The very final talk of Thinking Digital last Friday was by Tara Hunt, who was talking about social capital in networks as part of her new book ‘The Whuffie Factor’. ‘Whuffie’, a word originally from Cory Doctorow’s novel ‘Down & Out In The Magic Kingdom’, is used by Tara to mean what has been also been described as ‘social capital’ or ‘guanxi’ in discussions of intra-community relations.
Of course in many ways the word ‘capital’ is opposite to its normal usage – whereas financial capital is exhausted by being used, social capital is only exhausted if it’s not used. As Tara put it – “the more you give away, the more you gain”. Online communities tend to be gift economies – but gift economies are nothing new and it’s worth studying their history – an excellent and very readable anthropological and sociological view is Lewis Hyde’s ‘The Gift’ and should be required reading for anyone who thinks social capital only came about with social media.
Of course there’s a natural tension between gift economies and market economies. Giving away everything for free is not the soundest of business models (although Matt Mason, author of ‘The Pirate’s Dilemma’, had some thoughts on that earlier in the day). But gifting time, help and effort to communities and helping the conversations within them, to help everyone’s whuffie grow (not just your own) is the key to proper social media engagement.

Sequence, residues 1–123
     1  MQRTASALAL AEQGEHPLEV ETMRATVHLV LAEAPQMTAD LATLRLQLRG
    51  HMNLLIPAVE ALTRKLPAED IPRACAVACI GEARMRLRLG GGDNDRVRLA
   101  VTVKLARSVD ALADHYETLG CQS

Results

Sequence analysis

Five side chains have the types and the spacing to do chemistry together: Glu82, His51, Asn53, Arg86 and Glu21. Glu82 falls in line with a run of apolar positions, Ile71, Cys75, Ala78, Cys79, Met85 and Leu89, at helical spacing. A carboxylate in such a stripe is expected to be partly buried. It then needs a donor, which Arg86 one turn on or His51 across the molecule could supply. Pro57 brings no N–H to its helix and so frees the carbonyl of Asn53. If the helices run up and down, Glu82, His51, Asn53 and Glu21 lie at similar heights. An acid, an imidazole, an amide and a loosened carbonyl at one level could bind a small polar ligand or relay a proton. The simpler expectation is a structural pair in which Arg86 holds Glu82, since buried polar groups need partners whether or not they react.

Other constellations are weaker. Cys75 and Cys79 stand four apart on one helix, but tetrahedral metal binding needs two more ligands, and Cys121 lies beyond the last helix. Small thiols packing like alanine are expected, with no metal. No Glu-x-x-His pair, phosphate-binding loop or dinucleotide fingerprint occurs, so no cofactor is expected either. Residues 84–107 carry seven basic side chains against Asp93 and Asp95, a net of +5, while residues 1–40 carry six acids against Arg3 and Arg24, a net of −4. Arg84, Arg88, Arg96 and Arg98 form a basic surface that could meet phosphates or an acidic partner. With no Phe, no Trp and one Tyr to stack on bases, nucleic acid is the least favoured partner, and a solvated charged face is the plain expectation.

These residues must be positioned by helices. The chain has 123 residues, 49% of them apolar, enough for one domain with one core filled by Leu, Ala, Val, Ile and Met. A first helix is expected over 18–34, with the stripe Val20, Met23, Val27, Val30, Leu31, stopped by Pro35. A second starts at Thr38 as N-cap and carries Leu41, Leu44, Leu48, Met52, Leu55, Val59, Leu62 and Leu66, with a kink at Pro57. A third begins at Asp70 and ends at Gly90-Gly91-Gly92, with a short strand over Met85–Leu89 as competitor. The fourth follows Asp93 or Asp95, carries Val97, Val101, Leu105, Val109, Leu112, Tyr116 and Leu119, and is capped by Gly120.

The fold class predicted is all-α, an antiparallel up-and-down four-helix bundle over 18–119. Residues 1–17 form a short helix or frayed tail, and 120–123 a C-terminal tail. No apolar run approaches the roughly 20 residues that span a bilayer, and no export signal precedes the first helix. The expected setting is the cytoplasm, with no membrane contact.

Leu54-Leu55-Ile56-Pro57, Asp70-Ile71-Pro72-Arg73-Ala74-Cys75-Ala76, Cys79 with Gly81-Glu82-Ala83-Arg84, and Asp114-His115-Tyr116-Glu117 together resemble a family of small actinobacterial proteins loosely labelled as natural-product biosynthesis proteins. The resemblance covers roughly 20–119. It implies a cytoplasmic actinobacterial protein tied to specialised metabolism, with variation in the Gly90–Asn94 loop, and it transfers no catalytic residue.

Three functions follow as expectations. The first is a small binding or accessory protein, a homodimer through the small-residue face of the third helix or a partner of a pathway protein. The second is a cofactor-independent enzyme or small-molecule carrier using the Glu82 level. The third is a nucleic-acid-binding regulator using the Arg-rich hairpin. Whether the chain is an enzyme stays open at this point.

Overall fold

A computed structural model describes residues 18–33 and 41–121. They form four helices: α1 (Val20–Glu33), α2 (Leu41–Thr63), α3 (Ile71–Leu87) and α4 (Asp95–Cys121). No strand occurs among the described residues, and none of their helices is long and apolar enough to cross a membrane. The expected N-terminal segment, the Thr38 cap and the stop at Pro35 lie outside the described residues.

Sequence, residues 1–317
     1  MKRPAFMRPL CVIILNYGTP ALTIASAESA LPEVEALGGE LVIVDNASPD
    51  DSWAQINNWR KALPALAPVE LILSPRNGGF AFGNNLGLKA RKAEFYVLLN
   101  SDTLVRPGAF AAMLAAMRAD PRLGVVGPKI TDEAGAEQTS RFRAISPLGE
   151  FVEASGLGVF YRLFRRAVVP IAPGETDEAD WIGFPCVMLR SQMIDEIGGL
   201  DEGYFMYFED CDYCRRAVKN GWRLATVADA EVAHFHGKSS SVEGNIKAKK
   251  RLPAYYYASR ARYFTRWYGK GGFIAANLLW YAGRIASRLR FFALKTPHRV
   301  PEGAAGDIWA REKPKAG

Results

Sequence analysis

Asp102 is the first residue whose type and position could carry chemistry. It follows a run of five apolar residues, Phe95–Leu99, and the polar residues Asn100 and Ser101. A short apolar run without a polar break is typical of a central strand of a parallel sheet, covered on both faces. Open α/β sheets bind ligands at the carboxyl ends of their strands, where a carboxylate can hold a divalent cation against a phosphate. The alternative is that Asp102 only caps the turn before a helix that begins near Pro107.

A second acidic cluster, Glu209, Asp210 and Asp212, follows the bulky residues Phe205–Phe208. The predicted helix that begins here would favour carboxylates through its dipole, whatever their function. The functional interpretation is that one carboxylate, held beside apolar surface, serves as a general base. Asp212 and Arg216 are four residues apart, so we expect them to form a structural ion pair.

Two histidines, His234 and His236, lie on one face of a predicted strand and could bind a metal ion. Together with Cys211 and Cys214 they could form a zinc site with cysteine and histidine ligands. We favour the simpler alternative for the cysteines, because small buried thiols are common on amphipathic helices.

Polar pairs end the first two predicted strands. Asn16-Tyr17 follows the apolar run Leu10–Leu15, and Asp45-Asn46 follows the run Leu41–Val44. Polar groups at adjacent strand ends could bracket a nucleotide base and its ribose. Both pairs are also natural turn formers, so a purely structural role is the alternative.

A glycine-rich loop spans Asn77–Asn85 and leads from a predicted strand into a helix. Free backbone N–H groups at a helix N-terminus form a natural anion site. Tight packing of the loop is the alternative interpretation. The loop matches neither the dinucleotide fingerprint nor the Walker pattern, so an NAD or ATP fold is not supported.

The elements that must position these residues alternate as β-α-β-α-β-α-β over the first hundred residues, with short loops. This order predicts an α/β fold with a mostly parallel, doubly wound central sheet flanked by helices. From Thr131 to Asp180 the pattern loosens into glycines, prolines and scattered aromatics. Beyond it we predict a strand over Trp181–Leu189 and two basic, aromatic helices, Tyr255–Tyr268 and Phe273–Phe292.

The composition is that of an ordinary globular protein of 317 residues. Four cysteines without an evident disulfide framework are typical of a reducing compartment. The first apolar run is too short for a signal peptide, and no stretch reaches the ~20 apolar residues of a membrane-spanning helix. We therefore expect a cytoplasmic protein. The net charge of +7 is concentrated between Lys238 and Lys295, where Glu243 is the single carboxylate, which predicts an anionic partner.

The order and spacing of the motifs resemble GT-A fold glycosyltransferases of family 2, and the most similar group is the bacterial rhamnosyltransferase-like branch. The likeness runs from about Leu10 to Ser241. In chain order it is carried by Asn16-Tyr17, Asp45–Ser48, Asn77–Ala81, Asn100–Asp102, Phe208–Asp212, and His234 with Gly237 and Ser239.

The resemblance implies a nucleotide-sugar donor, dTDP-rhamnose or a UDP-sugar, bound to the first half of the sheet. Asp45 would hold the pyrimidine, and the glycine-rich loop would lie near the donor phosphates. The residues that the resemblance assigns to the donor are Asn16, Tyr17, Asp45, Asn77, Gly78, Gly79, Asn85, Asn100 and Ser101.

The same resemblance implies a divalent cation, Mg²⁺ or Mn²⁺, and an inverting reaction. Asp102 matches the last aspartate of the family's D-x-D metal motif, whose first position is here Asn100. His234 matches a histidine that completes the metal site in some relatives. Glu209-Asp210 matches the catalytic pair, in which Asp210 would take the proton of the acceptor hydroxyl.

There is one quibble I have with Tara’s philosophy on whuffie – and I suspect this may be stuffy Brit clashing with extroverted American – which is her emphasis on being light-hearted. While I’d agree that having a sense of humour is important, being human is more important. And there are many occasions when it’s not appropriate to be light-hearted, particularly dealing with experiences and conversations that are negative. It’s harder to convey emotion in text when online than in person, and you need to be sensitive and respectful as much as you need to be good-humoured in those situations.
Tara’s presentation is at the top of the post – do check it out – although her rapid-fire and engaging presentation style mean it was much better with her speaking over the top of it…
I spent a few days in Brighton last week attending the iMedia agency summit.
It was a great chance to mix with senior people from both media, above the line and digital agencies and discuss the challenges facing our industry (and, let’s be honest, get to know each other over a few beers).
We are an industry built around reaching out to a million people in order to affect a small proportion of them for our clients. It’s embedded in the language we use, the business models we’ve created, even some of the ideas we suggest and persist with.
However the opportunity exists to build conversations and relationships with the thousand people we originally wanted to affect in the first place… and if we create a great relationship between our clients and them, they will be more likely to be loyal, enthusiastic advocates of that company and their products.
Which is better for the company and the people. So I guess the big question is what role will the agency play in that world?
Of course, this is the question we setup We Are Social to help answer…